Fans of Shree Ghatage’s first novel, Brahma’s Dream, will appreciate her follow-up, which features the return of Vasanti, the aunt of the earlier novel’s 13-year-old protagonist. Thirst reveals the true circumstances behind the supposed death of Vasanti’s husband.
The novel takes place during the Second World War, a few years before the events in Brahma’s Dream. Vasanti, a reluctant young Indian bride, is brought to her new home in Nagpur to live with her husband, Baba, his brothers, and their wives. The marriage, arranged quickly following the death of Vasanti’s father, gets off to a rocky start. Undesirous of the union, Baba plans to leave India – and his wife – to study law in England.
Baba’s attempts to distance himself from Vasanti prove unsuccessful and the two gradually fall in love. He begins to respond to her beauty and innocence, and she finds herself moved by his stories of his childhood. Distressed by the discovery of a shocking family secret, and notwithstanding his growing bond with Vasanti, Baba elects, against his family’s wishes, to travel to London. He quickly comes to regret his decision after arriving in the war-torn city and struggling to integrate into a ravaged society.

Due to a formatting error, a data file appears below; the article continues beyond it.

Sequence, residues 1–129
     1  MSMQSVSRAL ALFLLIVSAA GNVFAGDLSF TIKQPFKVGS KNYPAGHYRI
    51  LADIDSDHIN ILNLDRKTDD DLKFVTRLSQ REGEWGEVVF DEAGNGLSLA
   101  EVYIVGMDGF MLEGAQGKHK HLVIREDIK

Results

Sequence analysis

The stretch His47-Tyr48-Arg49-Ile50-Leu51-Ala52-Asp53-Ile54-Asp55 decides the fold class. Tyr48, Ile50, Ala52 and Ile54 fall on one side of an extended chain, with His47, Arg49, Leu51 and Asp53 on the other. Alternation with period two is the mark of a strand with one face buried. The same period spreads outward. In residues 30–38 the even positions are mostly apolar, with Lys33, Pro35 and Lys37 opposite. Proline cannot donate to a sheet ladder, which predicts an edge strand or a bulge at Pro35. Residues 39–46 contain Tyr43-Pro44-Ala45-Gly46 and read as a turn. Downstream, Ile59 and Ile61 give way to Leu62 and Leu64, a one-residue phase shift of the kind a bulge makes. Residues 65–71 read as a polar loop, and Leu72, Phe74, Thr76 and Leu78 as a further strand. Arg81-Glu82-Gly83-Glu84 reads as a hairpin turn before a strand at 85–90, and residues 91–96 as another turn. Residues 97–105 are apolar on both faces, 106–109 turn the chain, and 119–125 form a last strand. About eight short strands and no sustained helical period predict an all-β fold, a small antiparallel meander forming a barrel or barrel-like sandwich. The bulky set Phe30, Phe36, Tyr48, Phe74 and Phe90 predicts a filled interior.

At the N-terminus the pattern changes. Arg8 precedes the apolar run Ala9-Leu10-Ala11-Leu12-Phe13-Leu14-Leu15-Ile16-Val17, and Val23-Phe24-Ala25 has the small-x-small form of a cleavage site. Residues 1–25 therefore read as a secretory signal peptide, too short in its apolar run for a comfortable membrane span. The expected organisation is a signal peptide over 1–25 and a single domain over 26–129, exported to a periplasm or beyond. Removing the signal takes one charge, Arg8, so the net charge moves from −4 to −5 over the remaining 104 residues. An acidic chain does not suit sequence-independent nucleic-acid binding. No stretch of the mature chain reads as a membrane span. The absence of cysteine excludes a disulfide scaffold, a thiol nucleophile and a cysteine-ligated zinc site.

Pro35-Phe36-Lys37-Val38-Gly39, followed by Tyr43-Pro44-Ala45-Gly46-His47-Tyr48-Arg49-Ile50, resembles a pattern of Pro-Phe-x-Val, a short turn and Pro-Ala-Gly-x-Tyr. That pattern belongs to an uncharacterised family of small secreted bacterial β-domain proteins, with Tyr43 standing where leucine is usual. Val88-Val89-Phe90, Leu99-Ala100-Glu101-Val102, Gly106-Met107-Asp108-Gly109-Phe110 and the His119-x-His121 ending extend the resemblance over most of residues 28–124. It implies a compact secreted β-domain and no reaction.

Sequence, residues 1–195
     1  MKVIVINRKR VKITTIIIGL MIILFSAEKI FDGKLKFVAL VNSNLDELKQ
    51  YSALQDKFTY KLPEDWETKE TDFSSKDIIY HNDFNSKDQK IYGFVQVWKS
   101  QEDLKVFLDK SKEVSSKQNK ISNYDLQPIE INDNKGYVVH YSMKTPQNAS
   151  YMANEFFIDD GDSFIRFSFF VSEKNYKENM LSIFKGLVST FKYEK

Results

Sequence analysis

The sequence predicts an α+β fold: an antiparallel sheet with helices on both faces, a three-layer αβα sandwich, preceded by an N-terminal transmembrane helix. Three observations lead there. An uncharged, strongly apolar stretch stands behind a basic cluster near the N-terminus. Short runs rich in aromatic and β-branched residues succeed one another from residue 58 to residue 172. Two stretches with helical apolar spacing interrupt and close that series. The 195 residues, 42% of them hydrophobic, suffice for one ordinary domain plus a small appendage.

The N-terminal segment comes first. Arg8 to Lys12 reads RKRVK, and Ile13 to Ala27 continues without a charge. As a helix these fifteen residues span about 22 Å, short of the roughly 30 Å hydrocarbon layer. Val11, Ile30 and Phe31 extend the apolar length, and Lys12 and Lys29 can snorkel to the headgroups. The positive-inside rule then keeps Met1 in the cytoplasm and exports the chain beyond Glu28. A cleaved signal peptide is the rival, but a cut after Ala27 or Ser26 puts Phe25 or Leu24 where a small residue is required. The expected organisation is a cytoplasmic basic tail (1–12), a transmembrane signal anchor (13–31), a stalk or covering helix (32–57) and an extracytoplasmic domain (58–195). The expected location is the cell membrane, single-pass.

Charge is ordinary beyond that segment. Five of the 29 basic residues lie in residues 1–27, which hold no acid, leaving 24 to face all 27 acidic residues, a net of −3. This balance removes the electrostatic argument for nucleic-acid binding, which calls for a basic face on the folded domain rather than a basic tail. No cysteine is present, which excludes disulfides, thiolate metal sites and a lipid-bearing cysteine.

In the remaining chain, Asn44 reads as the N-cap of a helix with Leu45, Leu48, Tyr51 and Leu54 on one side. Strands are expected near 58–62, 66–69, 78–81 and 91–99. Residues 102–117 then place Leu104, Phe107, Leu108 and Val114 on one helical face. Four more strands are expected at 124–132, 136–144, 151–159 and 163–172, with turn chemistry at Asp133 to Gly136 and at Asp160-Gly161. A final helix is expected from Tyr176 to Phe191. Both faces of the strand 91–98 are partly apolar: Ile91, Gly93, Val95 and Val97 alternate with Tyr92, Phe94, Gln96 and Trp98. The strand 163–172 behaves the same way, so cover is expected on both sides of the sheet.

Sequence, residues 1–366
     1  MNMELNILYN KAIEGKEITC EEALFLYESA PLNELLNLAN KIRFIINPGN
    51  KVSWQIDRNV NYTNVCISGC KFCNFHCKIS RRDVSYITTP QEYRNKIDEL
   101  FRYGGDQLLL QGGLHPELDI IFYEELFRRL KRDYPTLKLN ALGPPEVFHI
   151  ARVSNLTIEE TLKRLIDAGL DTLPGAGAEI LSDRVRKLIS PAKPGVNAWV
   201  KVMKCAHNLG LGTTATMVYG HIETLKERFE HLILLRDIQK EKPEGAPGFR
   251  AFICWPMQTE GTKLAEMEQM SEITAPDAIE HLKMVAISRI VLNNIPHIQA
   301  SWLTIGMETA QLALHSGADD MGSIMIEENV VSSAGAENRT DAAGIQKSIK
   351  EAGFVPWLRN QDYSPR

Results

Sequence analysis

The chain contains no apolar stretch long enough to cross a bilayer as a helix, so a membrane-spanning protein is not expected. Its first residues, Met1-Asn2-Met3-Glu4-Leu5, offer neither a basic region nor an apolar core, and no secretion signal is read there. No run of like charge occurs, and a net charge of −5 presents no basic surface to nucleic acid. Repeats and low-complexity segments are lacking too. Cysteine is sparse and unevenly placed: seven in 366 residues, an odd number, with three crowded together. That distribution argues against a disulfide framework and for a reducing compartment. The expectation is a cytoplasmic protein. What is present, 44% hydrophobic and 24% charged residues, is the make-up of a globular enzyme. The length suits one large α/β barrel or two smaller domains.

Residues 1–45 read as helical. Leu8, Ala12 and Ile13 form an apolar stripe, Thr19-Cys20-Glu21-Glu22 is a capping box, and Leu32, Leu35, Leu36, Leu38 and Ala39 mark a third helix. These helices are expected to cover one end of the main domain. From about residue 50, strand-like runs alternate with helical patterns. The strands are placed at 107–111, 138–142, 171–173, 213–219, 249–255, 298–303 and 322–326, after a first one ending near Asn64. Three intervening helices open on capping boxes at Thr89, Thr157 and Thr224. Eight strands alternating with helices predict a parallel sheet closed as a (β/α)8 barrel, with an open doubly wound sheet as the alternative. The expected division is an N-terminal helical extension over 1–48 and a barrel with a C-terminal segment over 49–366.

The strength of Ghatage’s elegantly written novel lies in the tender depiction of Vasanti and Baba’s blossoming relationship in Nagpur, and of Vasanti’s stalwart loyalty to her husband. By contrast, the far-fetched calamity that befalls Baba, and ultimately makes it necessary for him to fake his demise, takes the story in an implausible and unsatisfying direction. Baba’s questionable choices and actions – especially deciding to return to the scene of his misfortune, thereby sealing his fate – seem out of character for an otherwise self-possessed individual. This may be a reflection of his estrangement from home, and the turmoil surrounding him in a time and place of tremendous upheaval, but it rings false.